Comprehensive measurement of social support and symptoms of depression in female adolescents

2.50
Hdl Handle:
http://hdl.handle.net/10755/161119
Type:
Presentation
Title:
Comprehensive measurement of social support and symptoms of depression in female adolescents
Abstract:
Comprehensive measurement of social support and symptoms of depression in female adolescents
Conference Sponsor:Midwest Nursing Research Society
Conference Year:2006
Author:Logsdon, M. Cynthia, DNS, APRN
P.I. Institution Name:University of Louisville
Title:Associate Professor
Contact Address:School of Nursing, 555 S. Floyd Street, Louisville, KY, 40059, USA
Contact Telephone:502-852-5633
Co-Authors:Melissa Pinto-Foltz, BSN, RN; Craig Ziegler, MS, Research Analyst; and Paige Hertweck, MD, Associate Professor
The world of the low-income, female adolescent is complex and includes numerous spheres of influence. Our earlier, qualitative work indicated that low-income childbearing adolescents were frequently exposed to social toxins such as violence and drugs. Symptoms of depression were prevalent and frequently had a negative impact upon functioning. Our quantitative work has shown that childbearing adolescents perceive inadequate social support. However, the samples were recruited from a school program for childbearing adolescents and may not represent the wider population, there was not a comparison group of nonchildbearing adolescents, and social support was narrowly defined. This study corrects those gaps. In this cross-sectional study, guided by the Bioecological Framework of Development, we considered a comprehensive view of social support (Macrosystem, Mesosystem, and Microsystem) and any impact support variables had upon symptoms of depression in both childbearing (n=100) and nonchildbearing (n=100) samples of female adolescents. Participants were recruited from a variety of community health care and school facilities. After obtaining informed consent of the participants (13-18 years of age) and their parent/guardian (IRB approved), data was collected by a nurse at a home visit. Instruments included The Survey of Exposure to Community Violence (Richters & Martinez, 1993), Rosenberg's Self Esteem Tool (Rosenberg, 1965), Perceived Stress Scale (Cohen et al, 1983), The Social Network Index (Cohen et al, 1997), the CES-D depression instrument (Radloff, 1977), and demographic measures. Data collection is ongoing, and data analysis will include descriptive statistics, analysis of covariance, and model testing. The results of the study will be used to guide decisions on the conceptualization of social support and how it is measured in further studies of female adolescents. [Poster Presentation]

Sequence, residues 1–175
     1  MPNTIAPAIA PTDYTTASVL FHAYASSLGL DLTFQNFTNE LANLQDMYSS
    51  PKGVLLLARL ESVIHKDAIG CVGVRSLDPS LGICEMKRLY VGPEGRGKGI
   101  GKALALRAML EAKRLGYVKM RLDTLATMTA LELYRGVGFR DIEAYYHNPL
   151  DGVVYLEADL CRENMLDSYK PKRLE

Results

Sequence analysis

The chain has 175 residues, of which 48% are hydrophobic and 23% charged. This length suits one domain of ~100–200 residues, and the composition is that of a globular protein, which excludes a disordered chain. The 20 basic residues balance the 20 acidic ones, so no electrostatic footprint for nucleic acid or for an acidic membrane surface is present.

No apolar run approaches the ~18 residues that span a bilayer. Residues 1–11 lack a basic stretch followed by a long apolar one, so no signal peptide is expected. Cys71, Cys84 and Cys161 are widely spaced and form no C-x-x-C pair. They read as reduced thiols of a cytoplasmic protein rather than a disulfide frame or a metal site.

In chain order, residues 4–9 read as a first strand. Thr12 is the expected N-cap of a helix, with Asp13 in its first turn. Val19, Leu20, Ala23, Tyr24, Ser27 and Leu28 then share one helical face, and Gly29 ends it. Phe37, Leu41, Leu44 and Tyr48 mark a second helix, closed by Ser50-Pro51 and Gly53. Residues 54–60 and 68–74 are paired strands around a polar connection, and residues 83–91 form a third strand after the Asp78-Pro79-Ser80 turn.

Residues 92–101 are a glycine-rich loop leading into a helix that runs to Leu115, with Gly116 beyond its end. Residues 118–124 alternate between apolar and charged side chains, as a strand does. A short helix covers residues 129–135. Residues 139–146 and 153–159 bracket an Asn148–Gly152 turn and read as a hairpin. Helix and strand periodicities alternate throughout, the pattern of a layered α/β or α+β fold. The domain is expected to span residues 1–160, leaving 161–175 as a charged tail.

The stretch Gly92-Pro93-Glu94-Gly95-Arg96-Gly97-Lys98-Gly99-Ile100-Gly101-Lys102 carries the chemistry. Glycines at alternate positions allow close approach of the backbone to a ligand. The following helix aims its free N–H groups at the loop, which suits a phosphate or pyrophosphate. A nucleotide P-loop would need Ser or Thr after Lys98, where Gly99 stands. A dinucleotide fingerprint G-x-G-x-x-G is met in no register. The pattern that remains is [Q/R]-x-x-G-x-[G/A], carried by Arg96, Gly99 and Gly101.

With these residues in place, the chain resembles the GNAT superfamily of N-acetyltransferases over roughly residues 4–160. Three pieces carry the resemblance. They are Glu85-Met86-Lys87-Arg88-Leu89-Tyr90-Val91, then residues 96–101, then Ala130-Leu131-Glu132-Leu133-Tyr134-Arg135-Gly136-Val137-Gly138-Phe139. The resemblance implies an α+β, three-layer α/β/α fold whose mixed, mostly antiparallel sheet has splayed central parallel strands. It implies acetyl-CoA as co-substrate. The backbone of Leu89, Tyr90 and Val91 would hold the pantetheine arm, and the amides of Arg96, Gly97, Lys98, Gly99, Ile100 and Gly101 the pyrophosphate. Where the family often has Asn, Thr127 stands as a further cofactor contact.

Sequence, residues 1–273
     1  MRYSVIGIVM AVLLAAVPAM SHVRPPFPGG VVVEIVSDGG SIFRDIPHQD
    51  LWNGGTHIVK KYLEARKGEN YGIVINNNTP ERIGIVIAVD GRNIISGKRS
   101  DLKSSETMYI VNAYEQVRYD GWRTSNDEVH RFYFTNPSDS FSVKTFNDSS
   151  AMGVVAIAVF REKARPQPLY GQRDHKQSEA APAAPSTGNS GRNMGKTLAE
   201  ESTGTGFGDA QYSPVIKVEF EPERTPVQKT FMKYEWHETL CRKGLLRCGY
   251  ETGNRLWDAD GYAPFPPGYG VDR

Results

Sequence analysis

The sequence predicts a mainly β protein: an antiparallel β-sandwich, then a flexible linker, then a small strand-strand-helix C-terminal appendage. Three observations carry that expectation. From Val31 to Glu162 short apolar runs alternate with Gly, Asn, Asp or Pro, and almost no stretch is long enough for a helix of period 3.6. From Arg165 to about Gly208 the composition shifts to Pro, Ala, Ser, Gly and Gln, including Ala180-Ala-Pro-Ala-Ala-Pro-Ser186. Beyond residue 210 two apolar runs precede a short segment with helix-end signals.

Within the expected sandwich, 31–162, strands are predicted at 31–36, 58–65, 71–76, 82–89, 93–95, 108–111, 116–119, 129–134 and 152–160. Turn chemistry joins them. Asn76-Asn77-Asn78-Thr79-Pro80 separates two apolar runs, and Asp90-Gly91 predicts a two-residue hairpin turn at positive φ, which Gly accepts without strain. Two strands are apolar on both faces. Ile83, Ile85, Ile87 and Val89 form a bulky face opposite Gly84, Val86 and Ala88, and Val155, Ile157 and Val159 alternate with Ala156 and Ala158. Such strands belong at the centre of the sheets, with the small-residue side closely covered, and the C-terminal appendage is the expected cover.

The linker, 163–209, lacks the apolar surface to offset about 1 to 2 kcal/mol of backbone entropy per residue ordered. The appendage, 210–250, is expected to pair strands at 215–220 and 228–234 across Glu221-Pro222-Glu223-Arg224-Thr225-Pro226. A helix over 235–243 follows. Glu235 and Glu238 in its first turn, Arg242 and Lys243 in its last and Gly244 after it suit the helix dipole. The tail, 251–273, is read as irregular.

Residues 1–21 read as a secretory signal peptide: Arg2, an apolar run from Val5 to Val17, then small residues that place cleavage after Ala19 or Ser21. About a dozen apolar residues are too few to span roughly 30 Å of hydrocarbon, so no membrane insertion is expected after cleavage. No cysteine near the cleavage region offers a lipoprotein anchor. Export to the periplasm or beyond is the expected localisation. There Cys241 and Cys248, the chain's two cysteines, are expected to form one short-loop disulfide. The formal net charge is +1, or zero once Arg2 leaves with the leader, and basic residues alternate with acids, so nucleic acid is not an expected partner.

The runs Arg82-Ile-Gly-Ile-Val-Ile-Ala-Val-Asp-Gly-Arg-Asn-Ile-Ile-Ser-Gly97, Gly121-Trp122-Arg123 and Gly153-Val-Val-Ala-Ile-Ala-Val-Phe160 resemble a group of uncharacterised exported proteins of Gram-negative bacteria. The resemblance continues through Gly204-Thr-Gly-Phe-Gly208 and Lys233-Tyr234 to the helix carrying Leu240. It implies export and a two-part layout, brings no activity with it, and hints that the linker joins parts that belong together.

Repository Posting Date:
26-Oct-2011
Date of Publication:
17-Oct-2011
Sponsors:
Midwest Nursing Research Society

Full metadata record

DC FieldValue Language
dc.typePresentationen_GB
dc.titleComprehensive measurement of social support and symptoms of depression in female adolescentsen_GB
dc.identifier.urihttp://hdl.handle.net/10755/161119-